Matthew Shipp

Do the Math, Destination: Out

Shipp's career gives the lie to the notion of progress in the story of jazz. Shipp remains difficult to slot into the standard narrative. Inheritor of Cecil Taylor's school of dynamic pianism?

Not entirely. Updater of Powell/Monk's fractured romanticism? Maybe somewhat. Straddling the tradition and a forward looking experimentalism, Shipp instead embodies a kind of quantum theory of jazz, where all styles coexist simultaneously, and a player can dip as easily into 1959 as 2007.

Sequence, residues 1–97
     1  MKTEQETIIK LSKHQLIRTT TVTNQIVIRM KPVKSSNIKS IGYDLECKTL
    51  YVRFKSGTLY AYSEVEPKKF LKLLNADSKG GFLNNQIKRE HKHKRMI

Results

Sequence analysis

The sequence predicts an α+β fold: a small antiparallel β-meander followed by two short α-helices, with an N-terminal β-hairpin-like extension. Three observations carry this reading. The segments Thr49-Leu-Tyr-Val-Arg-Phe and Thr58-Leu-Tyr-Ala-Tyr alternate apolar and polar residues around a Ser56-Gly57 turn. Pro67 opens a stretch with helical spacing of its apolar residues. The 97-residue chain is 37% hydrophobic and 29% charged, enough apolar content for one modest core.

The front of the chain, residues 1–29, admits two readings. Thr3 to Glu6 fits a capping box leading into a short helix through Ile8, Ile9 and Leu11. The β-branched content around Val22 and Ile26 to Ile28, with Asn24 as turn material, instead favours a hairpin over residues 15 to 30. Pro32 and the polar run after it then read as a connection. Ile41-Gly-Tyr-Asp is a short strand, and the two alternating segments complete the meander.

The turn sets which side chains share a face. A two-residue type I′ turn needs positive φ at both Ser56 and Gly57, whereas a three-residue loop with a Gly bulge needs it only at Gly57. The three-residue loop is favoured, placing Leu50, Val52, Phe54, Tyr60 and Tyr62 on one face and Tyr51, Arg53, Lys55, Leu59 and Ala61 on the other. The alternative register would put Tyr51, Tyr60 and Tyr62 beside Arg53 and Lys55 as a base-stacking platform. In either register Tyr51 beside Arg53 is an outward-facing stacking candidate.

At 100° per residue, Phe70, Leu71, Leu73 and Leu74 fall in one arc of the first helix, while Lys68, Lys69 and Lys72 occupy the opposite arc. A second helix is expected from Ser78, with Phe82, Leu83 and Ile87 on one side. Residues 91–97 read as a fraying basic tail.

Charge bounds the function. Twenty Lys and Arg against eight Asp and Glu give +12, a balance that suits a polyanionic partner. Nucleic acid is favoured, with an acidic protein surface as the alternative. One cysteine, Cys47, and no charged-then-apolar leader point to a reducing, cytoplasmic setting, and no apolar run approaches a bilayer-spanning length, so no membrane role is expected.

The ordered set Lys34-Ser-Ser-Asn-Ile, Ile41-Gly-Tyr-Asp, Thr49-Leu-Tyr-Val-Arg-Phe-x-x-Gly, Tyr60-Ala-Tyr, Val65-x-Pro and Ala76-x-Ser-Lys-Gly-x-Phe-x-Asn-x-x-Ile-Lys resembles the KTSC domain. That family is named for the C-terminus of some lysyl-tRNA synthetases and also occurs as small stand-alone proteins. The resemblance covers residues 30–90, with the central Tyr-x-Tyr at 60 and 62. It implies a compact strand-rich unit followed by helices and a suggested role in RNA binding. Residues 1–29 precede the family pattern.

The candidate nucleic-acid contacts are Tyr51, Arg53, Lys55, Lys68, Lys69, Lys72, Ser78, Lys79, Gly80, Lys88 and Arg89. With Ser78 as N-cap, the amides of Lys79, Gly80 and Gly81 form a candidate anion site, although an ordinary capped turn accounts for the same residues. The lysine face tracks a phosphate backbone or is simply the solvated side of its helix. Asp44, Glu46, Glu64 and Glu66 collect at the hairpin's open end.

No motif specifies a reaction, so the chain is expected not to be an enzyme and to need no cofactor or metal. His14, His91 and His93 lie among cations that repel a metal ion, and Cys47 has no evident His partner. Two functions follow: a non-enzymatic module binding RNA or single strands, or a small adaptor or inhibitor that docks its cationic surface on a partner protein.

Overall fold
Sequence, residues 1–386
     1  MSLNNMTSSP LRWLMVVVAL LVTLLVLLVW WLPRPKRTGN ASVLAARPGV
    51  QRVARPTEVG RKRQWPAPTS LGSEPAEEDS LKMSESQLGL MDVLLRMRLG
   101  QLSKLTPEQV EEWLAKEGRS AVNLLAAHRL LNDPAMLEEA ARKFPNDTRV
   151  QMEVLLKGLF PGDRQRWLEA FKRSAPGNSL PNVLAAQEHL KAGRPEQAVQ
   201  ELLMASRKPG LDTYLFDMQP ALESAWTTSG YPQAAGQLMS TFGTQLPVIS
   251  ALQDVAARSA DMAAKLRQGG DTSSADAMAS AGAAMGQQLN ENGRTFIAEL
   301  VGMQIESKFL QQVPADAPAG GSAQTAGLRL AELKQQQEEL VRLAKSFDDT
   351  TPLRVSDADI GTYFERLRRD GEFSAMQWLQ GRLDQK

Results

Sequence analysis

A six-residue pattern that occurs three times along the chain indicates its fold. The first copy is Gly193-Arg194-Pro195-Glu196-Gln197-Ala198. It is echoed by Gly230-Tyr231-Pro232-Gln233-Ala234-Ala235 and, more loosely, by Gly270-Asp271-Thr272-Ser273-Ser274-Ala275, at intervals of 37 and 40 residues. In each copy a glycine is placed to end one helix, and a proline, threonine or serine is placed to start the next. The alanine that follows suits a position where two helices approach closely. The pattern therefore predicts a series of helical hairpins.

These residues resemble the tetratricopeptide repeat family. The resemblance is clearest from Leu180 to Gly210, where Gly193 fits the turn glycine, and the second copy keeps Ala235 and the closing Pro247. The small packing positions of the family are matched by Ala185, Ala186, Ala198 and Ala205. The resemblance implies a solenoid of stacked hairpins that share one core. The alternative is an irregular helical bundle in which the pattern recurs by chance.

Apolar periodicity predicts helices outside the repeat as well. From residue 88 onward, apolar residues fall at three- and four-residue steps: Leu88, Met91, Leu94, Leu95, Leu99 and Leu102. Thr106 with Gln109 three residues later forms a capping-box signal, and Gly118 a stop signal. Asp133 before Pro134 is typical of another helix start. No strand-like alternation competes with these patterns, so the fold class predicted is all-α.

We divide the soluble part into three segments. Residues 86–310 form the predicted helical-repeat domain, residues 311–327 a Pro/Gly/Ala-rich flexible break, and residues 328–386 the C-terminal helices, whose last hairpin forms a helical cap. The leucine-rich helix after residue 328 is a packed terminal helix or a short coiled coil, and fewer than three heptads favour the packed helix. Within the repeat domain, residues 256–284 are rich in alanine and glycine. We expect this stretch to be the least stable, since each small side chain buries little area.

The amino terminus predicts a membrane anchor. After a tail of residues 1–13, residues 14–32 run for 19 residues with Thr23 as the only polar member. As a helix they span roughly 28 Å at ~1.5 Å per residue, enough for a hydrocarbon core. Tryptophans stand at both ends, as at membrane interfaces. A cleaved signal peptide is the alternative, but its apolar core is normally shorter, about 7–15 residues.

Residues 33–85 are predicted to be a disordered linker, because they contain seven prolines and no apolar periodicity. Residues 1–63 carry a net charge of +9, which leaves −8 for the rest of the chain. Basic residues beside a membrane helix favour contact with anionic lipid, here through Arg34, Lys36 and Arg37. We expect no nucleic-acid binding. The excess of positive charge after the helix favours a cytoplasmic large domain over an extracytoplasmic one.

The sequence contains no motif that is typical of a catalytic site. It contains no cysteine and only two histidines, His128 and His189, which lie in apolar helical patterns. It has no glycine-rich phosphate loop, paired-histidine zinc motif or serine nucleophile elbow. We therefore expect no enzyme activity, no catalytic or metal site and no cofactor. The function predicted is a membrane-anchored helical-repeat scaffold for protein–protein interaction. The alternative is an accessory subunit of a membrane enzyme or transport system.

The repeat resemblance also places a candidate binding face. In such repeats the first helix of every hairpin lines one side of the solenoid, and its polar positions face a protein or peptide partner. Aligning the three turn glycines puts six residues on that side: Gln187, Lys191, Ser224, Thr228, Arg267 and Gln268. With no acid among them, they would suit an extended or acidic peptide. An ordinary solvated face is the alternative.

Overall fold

What makes Shipp truly important is his ability to refract traditional jazz standards, classical textures, free improv, percussive tumult, and lyrical melody through his own musical prism. The results never sound like a patchwork grabbag of styles. No matter how far he strays, Shipp's playing always bears the unmistakable stamp of a particular and distinctive vision. He's got many sounds-but they're all his.

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